NTEU Alleges Deakin University Committed ‘Systematic Salary Theft’
The National Union of Higher Education (NTEU) has accused Deakin University of systematically underpaying casual scholars since June 2018. The union says the underpayment occurred after Deakin paid casual staff on on a “piece rate” basis per course or per assessment. the hourly rate agreed in the company agreement between the parties.
In a notice of dispute provided to Deakin on June 20, the union argues that the piece rate specified in the contracts of various casual scholars significantly underestimates the time required to grade assessments. The NTEU claimed that Deakin’s standard piece-rate guidelines failed to take into account the nature of the assessment, the complexity of grading and feedback, and the experience and role of staff evaluations.
The exact amount of monies owed to casual scholars is unknown. However, the NTEU alleges the violations may affect thousands of academic casuals at the University, where casuals make up 31% of the teaching staff.
According The Guardian, Deakin told employees in March that an internal audit begun in 2020 found no evidence of systematic underpayment of casual workers. A spokesperson for Deakin said in response to the NTEU’s assertion that the University would “work with the union…to understand the specific issues raised” and is committed to ensuring that enforcement of the company agreement was “truthful and correct” throughout the organization.
The NTEU claims come amid a series of underpayment scandals in the higher education sector. The Fair Work Ombudsman is currently investigating 11 allegations of salary theft at Australian universities. A 2019 Senate survey found that at least 21 of Australia’s 40 public universities had underpaid staff. In 2021, Fair Work Ombudsman Sandra Parker highlighted the prevalence of “systematic large-scale underpayment of employee salaries in the sector”, noting that this particularly affected casual academics through the payment of piece rates .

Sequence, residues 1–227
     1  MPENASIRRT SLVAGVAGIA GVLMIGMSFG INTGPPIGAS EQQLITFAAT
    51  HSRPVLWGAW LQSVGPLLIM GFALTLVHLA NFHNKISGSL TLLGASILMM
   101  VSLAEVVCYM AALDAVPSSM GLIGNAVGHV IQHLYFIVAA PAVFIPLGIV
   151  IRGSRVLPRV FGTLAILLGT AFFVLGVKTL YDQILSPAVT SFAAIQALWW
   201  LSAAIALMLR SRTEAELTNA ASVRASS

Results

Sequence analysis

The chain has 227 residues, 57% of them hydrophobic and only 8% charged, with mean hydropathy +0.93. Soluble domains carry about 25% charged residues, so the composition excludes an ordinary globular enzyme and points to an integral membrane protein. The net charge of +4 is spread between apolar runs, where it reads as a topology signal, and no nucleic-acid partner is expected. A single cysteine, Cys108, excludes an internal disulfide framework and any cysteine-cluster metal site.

A similar case for stealing wages from casual staff worth $2 million was filed by the NTEU against the University of Sydney in October last year over USyd’s use of a piece rate. The previous month, the University of Sydney admitted it had underpaid casual staff by $12.75 million.
NTEU Victoria Division Deputy Secretary Sarah Roberts says casual employment and wage theft ‘go hand in hand’, blaming the reliance on casual work on pressure from public funding forcing universities to cut corners . Roberts added that casual work establishes a system where “the reliance on precarious work puts people in the position of being too afraid to say something is wrong, because they are afraid of losing their job.”
The notice of dispute provided to Deakin called on university management to stop using piecework contracts and to refund money allegedly owed to workers, in addition to the vice-chancellor issuing a written apology to any casual academic staff. The NTEU pointed out that alleged breaches could result in substantial civil penalties and that the University would be held criminally liable under Victorian wage theft legislation.